Our Bodies, Our Blog

U.S. Soldiers Seek Midwife in Afghanistan

By Christine Cupaiuolo |

Philip Smucker of McClatchy Newspapers has written a must-read story about a search for a midwife in an Afghan war zone. American soldiers hope the woman will help open a health clinic in Paktika, described as one of the poorest and most dangerous of Afghanistan’s eastern provinces.

Yes, the effort is part propaganda. But it sure beats the CIA handing out Viagra to Afghan tribal leaders.

Afghanistan has devastatingly high infant and maternal mortality rates, and war has made access to health care more difficult. Every 26 minutes, an Afghan woman dies giving birth; the rate is second only to Sierra Leone. Midwives are critical to any public heath effort, yet even the training poses a real risk.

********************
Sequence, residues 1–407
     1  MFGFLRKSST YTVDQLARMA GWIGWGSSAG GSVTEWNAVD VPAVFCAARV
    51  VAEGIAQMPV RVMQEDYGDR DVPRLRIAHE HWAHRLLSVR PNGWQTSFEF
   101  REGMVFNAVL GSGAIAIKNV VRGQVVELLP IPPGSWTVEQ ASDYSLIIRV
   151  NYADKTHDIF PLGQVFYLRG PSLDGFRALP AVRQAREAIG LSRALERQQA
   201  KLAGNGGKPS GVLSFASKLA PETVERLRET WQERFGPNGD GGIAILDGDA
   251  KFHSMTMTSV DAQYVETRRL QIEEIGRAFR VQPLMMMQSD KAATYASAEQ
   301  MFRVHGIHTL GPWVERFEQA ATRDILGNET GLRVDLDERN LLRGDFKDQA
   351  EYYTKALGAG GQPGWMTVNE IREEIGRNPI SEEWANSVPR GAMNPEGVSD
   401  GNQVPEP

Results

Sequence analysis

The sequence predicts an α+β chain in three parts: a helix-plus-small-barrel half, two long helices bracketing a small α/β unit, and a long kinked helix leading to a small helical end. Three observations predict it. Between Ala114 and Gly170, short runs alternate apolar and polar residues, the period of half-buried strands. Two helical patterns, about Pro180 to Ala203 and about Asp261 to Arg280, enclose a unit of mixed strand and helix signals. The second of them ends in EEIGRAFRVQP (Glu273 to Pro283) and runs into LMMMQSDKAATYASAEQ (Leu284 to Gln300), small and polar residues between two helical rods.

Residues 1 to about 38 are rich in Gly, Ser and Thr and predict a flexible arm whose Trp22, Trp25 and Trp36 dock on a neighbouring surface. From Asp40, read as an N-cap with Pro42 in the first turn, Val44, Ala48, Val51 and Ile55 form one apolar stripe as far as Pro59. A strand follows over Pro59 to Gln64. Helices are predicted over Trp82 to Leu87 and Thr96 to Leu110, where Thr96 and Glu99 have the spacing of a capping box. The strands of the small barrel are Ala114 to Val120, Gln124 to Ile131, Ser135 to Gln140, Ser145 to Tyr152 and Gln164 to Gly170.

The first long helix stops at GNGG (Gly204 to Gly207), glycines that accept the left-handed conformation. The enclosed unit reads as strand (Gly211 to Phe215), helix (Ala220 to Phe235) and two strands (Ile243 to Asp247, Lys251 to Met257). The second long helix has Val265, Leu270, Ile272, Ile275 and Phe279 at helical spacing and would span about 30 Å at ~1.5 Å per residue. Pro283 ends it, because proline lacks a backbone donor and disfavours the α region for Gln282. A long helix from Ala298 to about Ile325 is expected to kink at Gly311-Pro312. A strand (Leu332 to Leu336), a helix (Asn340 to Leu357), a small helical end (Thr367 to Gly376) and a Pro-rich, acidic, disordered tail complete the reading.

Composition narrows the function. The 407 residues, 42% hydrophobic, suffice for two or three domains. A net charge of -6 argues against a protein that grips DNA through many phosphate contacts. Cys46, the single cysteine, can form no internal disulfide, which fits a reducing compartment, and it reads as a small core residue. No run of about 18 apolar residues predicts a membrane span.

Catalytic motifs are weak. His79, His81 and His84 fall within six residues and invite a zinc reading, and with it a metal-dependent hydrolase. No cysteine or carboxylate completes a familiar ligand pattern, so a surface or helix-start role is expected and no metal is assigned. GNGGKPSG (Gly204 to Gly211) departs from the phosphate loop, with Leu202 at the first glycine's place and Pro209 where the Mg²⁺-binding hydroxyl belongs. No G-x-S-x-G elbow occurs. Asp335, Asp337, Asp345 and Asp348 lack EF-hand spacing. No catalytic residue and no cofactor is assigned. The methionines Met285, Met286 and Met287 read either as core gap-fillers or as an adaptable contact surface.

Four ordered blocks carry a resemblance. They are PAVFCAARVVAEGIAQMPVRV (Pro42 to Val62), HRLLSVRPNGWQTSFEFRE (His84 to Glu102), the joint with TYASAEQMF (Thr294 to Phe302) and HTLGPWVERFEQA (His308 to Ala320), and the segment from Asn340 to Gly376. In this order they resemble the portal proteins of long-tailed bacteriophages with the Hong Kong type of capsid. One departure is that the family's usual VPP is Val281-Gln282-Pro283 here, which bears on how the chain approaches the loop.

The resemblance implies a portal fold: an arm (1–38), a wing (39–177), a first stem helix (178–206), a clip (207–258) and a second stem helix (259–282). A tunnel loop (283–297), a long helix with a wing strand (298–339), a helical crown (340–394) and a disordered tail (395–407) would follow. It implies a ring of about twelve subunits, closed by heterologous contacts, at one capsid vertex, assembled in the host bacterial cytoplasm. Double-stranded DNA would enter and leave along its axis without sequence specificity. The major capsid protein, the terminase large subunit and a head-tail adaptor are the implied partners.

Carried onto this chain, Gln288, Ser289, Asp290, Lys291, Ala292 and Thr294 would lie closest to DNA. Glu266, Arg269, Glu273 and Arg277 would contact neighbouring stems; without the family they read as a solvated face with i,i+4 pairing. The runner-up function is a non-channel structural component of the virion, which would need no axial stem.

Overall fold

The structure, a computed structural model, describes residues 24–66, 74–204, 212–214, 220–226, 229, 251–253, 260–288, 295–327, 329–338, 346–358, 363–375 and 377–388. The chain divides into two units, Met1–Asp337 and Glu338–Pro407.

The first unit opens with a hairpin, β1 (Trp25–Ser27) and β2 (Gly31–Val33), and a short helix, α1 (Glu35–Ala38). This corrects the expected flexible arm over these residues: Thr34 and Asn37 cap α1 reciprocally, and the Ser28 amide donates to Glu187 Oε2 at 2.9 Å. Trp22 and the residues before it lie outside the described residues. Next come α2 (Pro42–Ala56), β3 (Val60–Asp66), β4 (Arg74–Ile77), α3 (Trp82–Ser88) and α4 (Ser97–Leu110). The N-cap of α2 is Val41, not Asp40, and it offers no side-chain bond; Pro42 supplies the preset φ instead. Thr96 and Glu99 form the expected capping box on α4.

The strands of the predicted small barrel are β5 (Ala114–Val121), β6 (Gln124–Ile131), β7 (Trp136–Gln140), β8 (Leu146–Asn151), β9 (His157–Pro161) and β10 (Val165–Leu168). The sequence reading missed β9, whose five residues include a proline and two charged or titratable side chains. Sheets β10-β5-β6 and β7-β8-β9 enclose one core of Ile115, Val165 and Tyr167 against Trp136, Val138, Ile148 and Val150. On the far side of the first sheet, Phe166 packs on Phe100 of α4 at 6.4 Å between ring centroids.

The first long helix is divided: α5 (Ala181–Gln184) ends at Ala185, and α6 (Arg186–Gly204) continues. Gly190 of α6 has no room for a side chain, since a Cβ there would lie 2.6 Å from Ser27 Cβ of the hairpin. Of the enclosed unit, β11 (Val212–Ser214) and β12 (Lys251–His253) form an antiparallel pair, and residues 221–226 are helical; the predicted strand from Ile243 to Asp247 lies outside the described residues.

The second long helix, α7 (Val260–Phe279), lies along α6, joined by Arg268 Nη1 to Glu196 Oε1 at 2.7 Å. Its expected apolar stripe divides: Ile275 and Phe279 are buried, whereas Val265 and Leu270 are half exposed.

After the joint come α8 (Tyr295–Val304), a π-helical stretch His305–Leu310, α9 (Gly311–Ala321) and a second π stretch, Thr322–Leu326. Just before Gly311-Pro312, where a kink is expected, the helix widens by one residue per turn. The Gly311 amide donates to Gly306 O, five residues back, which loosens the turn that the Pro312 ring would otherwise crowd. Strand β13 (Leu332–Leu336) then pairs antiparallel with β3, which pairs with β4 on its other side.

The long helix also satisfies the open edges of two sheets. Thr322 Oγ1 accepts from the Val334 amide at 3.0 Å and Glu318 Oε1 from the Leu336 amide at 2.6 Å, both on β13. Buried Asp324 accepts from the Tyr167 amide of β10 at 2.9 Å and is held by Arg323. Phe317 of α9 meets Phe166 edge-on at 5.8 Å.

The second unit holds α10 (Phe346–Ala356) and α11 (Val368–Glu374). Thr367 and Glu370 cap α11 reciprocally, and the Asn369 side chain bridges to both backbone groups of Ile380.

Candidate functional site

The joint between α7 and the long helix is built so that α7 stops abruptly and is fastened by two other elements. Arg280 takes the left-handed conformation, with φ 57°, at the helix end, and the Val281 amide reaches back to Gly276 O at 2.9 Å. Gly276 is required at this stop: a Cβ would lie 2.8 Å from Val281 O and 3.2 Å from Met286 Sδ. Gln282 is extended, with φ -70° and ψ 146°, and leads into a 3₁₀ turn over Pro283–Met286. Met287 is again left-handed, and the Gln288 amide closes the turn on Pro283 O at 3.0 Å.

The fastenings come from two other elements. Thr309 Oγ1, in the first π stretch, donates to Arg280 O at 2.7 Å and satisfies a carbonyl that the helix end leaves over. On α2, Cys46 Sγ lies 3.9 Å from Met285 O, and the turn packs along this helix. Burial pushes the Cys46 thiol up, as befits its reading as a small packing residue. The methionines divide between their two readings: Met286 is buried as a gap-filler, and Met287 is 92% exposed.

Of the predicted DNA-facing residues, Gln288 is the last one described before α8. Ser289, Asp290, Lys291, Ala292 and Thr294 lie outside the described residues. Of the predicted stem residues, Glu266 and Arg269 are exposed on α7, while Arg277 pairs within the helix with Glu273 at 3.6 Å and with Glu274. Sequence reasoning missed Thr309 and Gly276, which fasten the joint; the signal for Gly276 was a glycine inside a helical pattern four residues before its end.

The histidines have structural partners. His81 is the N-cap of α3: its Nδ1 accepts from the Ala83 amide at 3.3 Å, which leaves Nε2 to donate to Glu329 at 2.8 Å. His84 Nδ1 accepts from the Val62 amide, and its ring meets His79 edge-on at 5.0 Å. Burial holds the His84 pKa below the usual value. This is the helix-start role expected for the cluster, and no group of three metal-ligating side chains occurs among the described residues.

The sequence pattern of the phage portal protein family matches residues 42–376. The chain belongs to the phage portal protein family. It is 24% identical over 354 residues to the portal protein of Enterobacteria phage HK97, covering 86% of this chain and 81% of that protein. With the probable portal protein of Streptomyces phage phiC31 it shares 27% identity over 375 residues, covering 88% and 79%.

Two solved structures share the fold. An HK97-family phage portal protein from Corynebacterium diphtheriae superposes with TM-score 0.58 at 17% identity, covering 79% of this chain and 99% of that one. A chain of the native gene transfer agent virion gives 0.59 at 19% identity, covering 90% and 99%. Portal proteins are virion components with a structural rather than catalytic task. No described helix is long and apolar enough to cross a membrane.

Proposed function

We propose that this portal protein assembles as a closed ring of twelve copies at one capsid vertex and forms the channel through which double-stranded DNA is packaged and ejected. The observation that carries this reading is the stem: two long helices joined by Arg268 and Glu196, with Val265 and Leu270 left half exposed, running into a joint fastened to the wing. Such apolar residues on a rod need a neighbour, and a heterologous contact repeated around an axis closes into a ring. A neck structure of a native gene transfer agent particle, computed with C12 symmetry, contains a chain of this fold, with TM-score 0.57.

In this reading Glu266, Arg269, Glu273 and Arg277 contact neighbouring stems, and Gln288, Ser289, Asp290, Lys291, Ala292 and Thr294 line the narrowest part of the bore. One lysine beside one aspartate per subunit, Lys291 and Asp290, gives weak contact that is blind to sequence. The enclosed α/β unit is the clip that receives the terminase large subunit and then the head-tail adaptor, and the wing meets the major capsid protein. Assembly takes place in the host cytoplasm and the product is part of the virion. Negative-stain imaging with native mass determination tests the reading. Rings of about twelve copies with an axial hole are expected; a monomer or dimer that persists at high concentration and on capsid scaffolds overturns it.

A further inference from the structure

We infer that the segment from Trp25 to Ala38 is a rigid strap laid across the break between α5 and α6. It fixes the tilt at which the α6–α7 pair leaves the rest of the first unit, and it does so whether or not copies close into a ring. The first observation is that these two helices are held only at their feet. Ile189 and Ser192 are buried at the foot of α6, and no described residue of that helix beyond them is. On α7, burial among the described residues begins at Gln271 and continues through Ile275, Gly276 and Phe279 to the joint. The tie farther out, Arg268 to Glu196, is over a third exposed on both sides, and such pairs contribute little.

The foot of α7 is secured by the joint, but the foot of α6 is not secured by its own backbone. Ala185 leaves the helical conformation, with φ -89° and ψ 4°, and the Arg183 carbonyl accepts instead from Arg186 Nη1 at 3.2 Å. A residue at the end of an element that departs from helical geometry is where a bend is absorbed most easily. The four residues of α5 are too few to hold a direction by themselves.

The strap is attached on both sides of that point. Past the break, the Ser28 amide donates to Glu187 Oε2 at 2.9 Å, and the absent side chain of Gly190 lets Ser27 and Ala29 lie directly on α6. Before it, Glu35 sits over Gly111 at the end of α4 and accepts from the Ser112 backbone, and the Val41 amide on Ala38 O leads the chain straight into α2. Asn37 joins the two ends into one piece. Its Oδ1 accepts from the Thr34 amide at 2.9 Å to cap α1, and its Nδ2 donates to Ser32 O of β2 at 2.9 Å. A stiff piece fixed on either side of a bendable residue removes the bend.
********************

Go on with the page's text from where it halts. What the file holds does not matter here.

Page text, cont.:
“Frequently the distance between home and a health care center is a two- to 10-hour walk,” Kathrin Lauer, a medical administration expert with the U.S. Agency for International Development in Afghanistan, said. “Midwives with good training are critical if you want to reduce the maternal and neonatal mortality rates. This is one way to help win the war.”

A Chicago Tribune story last year on an Afghan midwife training program noted that militants shot and killed a midwife, allegedly for  handing out condoms and birth control. One midwife said women feared even taking part in the training program, originally created by a Dutch relief agency, because the school was near an American base. The women didn’t want to be associated with Americans, or give the impression that they were.